CTF: Why do you make experimental performance?


I primarily work as a playwright, though I have written and performed spoken word poetry for a number of years. I’m interested in experimental performance because sometimes I get to a point where what I traditionally do – write dialogue for actors to say to each other as characters – doesn’t fit with the story I want to tell or the experience I want to create. As soon as we break the expectations of a particular form, I feel like that’s when we can do really interesting things and make bold choices for ourselves as artists.


CTF: Describe for us a highlight moment with ‘John’?


Me, crying to him about all the girls in my community getting married and how I’d probably have to get an arranged 7marriage and him looking kind of freaked out and telling me he didn’t feel like he was “qualified” to help me. My retort was that it wasn’t like people were awarding degrees in arranged marriage counselling. Also, I am very happy to report that six years on, I am very much not married, arranged or otherwise, but what a conversation to fall into for a nice, well-bred, upper-middle-class Anglo Aussie boy!


CTF: A highlight of developing and/or performing this work so far?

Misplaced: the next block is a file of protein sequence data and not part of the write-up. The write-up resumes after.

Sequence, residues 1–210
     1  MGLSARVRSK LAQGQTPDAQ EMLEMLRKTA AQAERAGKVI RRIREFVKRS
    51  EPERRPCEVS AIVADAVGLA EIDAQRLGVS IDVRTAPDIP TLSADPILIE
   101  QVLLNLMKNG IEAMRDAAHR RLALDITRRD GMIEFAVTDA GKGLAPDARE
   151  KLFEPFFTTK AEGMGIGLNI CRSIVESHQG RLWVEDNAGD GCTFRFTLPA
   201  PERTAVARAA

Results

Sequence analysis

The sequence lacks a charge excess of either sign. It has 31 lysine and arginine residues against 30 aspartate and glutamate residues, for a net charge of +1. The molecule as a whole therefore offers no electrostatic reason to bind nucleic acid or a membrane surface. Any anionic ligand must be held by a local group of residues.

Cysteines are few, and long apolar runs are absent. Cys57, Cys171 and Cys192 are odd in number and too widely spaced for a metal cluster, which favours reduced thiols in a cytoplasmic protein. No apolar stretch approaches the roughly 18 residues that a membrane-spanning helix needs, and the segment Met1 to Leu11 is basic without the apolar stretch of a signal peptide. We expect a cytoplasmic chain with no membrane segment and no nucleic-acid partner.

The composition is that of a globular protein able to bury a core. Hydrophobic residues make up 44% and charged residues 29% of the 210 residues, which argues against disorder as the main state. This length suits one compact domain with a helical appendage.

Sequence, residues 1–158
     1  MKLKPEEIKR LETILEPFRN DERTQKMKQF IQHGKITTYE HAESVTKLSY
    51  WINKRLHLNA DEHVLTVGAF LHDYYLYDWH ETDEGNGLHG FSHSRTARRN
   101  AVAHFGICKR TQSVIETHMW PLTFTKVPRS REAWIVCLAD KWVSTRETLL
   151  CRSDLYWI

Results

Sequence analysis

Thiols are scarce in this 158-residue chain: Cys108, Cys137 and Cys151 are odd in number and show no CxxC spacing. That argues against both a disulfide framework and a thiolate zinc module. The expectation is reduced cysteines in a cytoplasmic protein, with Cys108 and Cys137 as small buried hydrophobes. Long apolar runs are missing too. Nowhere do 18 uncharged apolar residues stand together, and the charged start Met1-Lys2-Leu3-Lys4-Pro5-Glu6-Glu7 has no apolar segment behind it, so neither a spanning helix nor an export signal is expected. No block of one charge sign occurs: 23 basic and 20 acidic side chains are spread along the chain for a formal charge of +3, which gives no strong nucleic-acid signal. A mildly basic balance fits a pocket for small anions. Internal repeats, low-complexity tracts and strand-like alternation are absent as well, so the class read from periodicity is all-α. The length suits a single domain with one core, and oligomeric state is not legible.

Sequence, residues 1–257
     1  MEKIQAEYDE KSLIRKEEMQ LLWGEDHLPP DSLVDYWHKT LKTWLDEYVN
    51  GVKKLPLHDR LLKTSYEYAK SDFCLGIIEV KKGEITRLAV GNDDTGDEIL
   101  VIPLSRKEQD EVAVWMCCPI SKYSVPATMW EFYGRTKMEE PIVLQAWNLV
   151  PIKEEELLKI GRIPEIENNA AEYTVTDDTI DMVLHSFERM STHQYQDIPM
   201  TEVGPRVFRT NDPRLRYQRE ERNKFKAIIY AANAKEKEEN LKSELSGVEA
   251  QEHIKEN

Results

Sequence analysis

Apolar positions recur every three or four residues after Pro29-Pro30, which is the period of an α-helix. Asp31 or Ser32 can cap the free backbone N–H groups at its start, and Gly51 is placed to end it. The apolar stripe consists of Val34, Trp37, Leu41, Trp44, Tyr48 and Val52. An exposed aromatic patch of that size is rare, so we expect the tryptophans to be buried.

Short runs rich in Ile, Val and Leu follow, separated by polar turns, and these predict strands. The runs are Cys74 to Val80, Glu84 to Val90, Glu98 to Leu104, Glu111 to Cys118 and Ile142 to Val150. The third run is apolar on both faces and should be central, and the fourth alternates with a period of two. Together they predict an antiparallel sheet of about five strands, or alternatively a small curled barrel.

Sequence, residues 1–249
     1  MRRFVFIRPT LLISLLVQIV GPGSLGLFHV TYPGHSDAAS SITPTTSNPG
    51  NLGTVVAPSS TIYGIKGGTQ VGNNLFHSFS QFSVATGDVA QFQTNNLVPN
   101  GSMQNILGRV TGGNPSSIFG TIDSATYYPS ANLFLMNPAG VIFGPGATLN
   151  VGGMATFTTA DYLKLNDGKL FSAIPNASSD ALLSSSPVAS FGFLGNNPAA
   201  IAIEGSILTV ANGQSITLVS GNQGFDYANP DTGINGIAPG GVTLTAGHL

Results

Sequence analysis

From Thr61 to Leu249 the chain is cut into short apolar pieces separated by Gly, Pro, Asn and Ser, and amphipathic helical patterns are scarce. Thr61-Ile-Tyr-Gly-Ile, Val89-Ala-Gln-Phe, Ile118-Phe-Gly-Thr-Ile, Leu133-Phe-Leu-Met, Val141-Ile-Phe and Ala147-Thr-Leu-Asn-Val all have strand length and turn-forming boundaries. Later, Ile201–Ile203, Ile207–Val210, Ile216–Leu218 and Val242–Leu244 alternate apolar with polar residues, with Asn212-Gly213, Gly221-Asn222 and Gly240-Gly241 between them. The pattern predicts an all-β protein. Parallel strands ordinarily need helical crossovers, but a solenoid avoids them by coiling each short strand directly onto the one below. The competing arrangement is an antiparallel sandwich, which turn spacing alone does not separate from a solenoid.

Attending a workshop at the Arts Centre Melbourne with the incredible UK performance artist, Bryony Kimmings. I went there with an idea and a thumbs-up from CTF to put on the show, but in those five days, I got the entire show onto butcher’s paper. The heart and the spine were all there by the end of it and I’ve just been fleshing it out since. Ew. What an image!


CTF: What are three words/phrases that describe your body of work?


Considered; compassionate; exploring connections.


CTF: What can audiences expect?


I think audiences can expect to laugh and possibly feel a bit uncomfortable. I hope that audiences can identify with finding themselves in complicated relationships with complex people (not necessarily romantically) that have made them question a lot of things they never thought to think about. That was certainly my experience with John. People defy easy categorisation; they surprise you, they disappoint you, but ultimately, they’re just human.


CTF: Have you been to Crack Theatre Festival before? Is there a little pearl of a memory you can share with us that marks that experience as distinctly CTF?


I have been to Crack Theatre Festival once before, in 2016. It was the first time that I’d ever been to TiNA after hearing about it for years and years and never being able to get myself together enough to attend. I was actually there as an artist for NYWF (which I am doing again this year too, two bites of the cherry makes it extra delicious) and my friend who is a CTF veteran took me along to see a bunch of shows and some other friends were making a show. The memory that I love of CTF was of hearing those friends rewriting and rehearsing their show downstairs, while I drifted in and out of a mid-afternoon nap in their borrowed bed upstairs (I was so exhausted I couldn’t make it back to my hotel – gosh, TiNA is intense!) and then a few hours later, seeing the show onstage in front of me. I think that that can-do experimentation and willingness to explore and take risks was something that I really loved in that moment.